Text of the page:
The Chandrayaan-2 lander seems to have met its end on the lunar surface as SpaceX inches forward with its Raptor testing program. Then, NASA's plans for commercial lunar landers and how the agency prepares Kennedy for hurricanes.
The first SLS is taking shape, as are Starhopper and Europa Clipper. Stephen struggles with a name and then Jason introduces a new segment.
Stephen and Jason report in after their field trip to Space Center Houston and Johnson Space Center, which included seeing several spacecraft and visiting the restored Apollo Mission Control room.
As 2024 gets closer and closer, NASA is hard at work on SLS and Orion, but is also partnering with several companies to move several projects forward in parallel. Stephen and Jason then mark the passing of NASA's first Flight Director, Chris Kraft.
50 years ago, humans first set foot on the moon. The work of the crew of Apollo 11 has inspired people for five decades, and their legacy continues to shine on today. In this episode, Stephen and Jason discuss three aspects of the mission that aren’t as well known, including Neil Armstrong’s brush with death in a training exercise, the science per…
Orion and the Mobile Launch Platform are making progress, InSight's struggles continue and NASA is sending a 8-rotor drone to Saturn's moon Titan.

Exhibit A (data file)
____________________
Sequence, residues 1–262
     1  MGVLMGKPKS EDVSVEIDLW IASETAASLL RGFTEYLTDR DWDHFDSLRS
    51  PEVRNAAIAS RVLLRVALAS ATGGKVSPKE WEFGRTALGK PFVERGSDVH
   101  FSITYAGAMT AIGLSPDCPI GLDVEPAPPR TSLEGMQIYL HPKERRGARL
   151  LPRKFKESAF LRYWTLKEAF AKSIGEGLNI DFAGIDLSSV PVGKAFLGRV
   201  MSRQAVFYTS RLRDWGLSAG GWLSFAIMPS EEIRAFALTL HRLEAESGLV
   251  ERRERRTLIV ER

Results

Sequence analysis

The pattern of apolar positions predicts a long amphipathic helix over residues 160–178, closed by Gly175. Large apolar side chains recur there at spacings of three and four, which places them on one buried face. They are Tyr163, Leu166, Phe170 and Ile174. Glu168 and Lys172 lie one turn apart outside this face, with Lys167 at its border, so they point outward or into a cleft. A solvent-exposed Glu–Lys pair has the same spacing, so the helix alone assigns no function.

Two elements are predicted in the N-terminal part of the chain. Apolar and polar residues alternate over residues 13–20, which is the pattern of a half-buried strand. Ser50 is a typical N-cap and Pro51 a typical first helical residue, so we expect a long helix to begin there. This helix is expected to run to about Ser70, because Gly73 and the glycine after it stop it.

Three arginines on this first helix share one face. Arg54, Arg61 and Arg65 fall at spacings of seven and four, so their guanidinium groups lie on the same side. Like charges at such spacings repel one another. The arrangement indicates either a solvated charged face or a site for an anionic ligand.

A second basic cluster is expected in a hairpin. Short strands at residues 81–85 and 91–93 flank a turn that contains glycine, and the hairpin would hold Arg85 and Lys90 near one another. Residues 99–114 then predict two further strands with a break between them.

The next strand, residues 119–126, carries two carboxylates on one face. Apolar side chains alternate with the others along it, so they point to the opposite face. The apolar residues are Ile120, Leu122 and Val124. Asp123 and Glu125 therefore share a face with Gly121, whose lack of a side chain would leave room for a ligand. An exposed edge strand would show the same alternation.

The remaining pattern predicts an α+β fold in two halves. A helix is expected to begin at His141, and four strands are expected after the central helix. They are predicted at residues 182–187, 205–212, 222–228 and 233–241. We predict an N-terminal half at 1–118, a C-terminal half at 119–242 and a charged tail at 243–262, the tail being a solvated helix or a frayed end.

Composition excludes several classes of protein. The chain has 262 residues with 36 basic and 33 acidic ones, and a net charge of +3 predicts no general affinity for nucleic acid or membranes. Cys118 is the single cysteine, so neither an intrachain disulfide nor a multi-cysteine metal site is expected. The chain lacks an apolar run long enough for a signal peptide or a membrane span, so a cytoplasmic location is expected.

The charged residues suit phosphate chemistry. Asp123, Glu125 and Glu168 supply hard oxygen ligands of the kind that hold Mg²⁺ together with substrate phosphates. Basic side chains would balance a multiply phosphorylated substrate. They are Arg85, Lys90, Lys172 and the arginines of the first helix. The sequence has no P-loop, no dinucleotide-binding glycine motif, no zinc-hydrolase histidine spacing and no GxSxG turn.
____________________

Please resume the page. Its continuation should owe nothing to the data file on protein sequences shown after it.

The Artemis Budget is becoming more and more real, as NASA promotes the number of companies involved in building its hardware. Elsewhere, ESA is preparing to go to Jupiter with the JUICE robotic mission and Bigelow has big plans for the ISS.
Jason and Stephen discuss the debate around Starlink and its impact on astronomy, cover the latest GAO report and talk about the importance of Commercial Moon Landing Services.
In May 1969, Tom Stafford, John Young and Gene Cernan took their Apollo spacecraft within 48,000 feet of the lunar service.
This fortnight: checking in on the SLS' test procedures and the on-going planning to return to the moon in 2024, and then a dose of planetary defense.